Adam Artis bought and sold hundreds of acres in northeast Wayne County in the last half of the 19th century. Almost 160 years after he filed his first deed, his descendants remain on pockets of his land strung along Highway 222. More enduringly, their family cemeteries cluster east of Eureka toward Stantonsburg — at the heart of his erstwhile empire.
#1 marks the location of Adam Artis’ grave. His many wives and children notwithstanding, until the mid-1980s, his was the only readily identifiable grave in the plot.
#2 is the self-proclaimed “Historic John I. Exum” cemetery. Adam’s kin intermarried considerably with Exums, including his granddaughter Cora Artis, who married John Ed Exum, and his sister Delilah Williams, who married Simon Exum. Delilah and Simon, however, are buried at #3, along with several of their descendants.
Red Hill Road debouches into 222 across from #3. Not a half-mile back up the road, at least two and possibly four of Adam’s sons rest. Noah and June Scott Artis are buried in #4 with several of June’s offspring, as well as their brother Robert‘s wife and their brother Henry J.B.‘s wife and children.
About a half-mile, as the crow flies, south of #3 is #5, which contains the graves of Adam’s son William M. Artis and his descendants, as well a daughter of Adam’s brother Jesse Artis.
The road snaking northwest out of Eureka becomes Turner Swamp Road past the city limits. Just off the edge of this map, perhaps a mile up the road, stands Turner Swamp Baptist Church, once led by Jonah Williams, brother of Adam Artis, Jesse Artis and Delilah Williams Exum. A sizeable cemetery lies behind the church, and it contains the graves of Magnolia Artis Reid, daughter of Loumiza Artis Artis, who was another Artis sibling, as well as descendants of Zilpha Artis Reid and Richard Artis, yet more siblings. Turner Swamp itself appears as a dark green curve bracketing the upper left corner of the photo. It is likely that the original location of the church was north along the banks of the waterway, at the site where the overgrown graves of Jonah Williams and his family lie.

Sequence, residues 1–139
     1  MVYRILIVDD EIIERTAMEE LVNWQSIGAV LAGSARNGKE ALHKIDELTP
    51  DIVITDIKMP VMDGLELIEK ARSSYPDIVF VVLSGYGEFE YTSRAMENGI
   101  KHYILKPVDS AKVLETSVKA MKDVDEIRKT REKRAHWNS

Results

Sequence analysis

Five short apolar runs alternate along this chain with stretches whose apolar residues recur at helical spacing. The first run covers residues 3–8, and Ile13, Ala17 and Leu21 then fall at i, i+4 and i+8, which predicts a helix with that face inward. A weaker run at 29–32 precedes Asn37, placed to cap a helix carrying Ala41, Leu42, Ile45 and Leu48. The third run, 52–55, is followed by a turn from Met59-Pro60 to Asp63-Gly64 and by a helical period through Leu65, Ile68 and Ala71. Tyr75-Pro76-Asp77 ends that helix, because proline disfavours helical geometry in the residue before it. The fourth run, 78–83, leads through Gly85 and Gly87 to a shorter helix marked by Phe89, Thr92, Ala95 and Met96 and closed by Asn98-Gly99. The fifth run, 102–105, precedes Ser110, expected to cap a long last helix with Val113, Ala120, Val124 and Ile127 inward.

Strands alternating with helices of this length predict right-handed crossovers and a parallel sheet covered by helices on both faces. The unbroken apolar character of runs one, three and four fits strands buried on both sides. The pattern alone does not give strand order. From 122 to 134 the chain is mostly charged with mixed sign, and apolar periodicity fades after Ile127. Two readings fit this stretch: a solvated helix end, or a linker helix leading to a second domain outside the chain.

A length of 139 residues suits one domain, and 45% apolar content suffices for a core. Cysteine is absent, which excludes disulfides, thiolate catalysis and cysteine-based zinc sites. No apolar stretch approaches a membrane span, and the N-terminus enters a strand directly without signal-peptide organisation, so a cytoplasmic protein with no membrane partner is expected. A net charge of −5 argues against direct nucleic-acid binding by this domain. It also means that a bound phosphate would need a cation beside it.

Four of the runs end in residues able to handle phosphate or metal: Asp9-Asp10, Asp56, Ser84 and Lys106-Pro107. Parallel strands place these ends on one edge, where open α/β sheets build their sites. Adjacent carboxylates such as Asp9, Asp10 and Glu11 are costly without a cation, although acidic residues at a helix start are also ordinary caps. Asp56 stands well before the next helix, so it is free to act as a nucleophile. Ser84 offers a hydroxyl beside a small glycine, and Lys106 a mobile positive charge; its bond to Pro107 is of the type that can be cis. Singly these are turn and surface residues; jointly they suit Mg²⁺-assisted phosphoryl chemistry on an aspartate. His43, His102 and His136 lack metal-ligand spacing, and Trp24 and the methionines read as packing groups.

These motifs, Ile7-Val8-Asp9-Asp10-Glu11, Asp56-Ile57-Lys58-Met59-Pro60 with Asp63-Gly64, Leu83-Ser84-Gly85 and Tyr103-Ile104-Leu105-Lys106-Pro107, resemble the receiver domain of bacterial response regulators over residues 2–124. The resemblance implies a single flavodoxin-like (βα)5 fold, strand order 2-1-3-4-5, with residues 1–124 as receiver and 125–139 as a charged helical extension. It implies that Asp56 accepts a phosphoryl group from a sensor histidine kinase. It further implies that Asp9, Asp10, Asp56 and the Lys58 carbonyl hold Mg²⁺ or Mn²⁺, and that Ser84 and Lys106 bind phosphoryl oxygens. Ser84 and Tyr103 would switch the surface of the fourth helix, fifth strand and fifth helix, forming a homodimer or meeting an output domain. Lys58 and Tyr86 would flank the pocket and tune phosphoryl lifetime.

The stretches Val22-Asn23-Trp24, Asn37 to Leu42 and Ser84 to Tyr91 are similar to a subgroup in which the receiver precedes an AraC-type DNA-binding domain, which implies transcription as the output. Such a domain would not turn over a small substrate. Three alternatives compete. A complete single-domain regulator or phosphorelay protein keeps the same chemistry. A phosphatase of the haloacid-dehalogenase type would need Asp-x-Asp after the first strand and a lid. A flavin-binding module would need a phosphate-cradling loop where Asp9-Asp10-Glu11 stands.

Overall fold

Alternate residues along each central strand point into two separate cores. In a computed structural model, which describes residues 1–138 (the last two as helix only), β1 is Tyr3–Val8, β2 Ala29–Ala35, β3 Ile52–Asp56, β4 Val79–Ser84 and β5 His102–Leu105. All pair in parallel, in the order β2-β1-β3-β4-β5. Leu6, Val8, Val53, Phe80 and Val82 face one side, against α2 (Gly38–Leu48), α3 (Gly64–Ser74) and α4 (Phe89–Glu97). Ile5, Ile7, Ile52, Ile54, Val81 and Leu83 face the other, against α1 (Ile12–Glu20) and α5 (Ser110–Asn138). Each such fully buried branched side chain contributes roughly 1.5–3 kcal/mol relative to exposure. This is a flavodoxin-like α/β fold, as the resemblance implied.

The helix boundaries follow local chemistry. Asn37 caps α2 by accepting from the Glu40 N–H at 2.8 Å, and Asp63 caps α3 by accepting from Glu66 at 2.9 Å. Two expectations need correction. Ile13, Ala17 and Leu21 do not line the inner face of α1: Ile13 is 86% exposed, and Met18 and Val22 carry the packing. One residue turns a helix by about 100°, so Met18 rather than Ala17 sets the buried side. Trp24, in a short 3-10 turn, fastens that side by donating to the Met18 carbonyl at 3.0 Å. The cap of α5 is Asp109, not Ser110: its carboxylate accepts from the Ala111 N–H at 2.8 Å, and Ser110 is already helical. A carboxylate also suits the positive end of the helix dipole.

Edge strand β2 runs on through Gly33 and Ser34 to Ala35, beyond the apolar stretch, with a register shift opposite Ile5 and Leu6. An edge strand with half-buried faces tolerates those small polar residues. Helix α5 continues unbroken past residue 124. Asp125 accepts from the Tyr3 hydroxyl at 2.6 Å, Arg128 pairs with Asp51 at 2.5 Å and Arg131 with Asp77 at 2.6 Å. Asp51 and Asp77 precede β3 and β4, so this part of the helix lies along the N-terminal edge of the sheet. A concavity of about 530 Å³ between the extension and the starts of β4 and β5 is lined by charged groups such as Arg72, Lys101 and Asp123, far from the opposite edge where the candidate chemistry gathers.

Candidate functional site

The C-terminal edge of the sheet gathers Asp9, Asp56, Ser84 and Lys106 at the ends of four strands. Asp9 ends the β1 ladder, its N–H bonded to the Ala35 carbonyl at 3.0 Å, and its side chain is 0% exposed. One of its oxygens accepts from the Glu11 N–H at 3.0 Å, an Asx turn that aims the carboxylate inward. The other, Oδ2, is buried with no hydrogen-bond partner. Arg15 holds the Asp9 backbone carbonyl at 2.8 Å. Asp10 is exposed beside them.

Back in the other direction, east on 222 toward Stantonsburg, lies Watery Branch Road. (The branch itself is the dark green sword piercing more than halfway into the frame from the right.) Perhaps a quarter-mile, if that far, down the road on the right lies the Diggs cemetery, another small family graveyard. Celia Artis, born about 1800, the wealthiest free woman of color in Wayne County, was the Diggs’ matriarch. She and Adam Artis’ kinship, if any, was unknown even to them. Two of Celia’s great-granddaughters married a son and a grandson of Adam Artis. Leslie Artis, his wife Minnie Diggs Artis, and some of their descendants are buried here.
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